ICYMI: The Last Week in Black Writing and Culture (6/10-6/16)

W. Camau Bell spoke on reading about Muhammad Ali in order to come to terms with his own blackness, as well as ending racism.

Rafia Zakari of The Guardian asked, “Is Gone with the Wind’s nostalgia for slavery acceptable?” Zakari draws on an essay by New Yorker critic Hilton Als: “How must a woman who longs for a world of slavery be evaluated? It is not a question that bothers most readers. But it is in the details of cultural relics like Gone With the Wind, preserved here in the name of nostalgia, that the nubs and seeds of a resilient bigotry pass

from one era into another.”

On September 24, President Obama will cut the ribbon for the opening of the Smithsonian Institution’s National Museum of African American History and Culture.

David Hajdu of The Nation reviewed James McBride’s newest book on James brown, Kill ‘Em and Leave. Hajdu praises McBride’s break from oral history and conventional biographical nonfiction. He writes that McBride “is generally more concerned with the literary force of his writing than he is with the exactness of its details…When McBride breaks away from oral history and takes off on one of his writerly flights, the book is a joy.”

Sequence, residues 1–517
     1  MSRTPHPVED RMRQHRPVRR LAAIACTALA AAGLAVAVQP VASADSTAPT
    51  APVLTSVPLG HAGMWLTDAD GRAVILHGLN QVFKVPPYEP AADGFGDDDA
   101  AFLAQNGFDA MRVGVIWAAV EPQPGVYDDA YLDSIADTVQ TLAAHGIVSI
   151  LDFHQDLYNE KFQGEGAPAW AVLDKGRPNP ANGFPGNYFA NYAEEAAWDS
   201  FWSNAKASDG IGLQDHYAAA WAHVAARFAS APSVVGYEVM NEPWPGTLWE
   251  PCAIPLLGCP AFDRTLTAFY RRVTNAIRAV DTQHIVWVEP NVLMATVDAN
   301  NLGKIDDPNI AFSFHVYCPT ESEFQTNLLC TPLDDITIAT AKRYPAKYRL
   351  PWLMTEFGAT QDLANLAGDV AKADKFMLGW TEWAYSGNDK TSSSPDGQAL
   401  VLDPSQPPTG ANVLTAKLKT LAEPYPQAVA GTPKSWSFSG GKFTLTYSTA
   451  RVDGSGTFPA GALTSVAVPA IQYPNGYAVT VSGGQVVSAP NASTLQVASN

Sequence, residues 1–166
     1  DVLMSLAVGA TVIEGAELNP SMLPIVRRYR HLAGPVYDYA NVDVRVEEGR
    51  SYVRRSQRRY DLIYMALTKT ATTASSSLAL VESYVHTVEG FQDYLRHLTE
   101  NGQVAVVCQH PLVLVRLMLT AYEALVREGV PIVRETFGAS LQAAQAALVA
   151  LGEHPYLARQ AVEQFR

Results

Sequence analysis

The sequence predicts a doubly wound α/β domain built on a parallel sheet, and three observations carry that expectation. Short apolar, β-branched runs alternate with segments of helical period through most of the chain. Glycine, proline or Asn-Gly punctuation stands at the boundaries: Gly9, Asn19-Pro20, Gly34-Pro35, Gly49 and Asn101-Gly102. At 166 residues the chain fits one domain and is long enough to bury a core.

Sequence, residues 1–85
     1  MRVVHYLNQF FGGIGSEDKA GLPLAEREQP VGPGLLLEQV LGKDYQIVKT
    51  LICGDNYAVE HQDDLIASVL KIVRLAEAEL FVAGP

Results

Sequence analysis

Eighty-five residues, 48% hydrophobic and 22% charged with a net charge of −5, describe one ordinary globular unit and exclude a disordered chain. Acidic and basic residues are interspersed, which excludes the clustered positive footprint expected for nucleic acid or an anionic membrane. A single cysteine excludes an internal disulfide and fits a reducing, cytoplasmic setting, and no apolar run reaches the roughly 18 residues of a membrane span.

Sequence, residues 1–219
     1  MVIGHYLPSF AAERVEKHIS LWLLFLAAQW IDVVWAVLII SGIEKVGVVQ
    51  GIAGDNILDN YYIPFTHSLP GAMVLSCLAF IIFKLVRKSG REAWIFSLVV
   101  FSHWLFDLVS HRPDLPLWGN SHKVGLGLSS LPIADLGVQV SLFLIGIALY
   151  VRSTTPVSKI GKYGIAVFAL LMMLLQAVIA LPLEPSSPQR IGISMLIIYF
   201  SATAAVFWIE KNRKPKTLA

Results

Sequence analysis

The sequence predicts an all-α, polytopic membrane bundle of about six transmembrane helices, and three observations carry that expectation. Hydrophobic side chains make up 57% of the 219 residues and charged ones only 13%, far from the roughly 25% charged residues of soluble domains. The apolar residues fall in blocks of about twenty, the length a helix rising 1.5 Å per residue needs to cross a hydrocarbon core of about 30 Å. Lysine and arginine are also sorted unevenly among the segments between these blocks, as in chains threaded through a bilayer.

Book Riot has created a list of 15 new books by black authors to read this summer.

Juneteenth is only a few days away! Read up on the history of Juneteenth.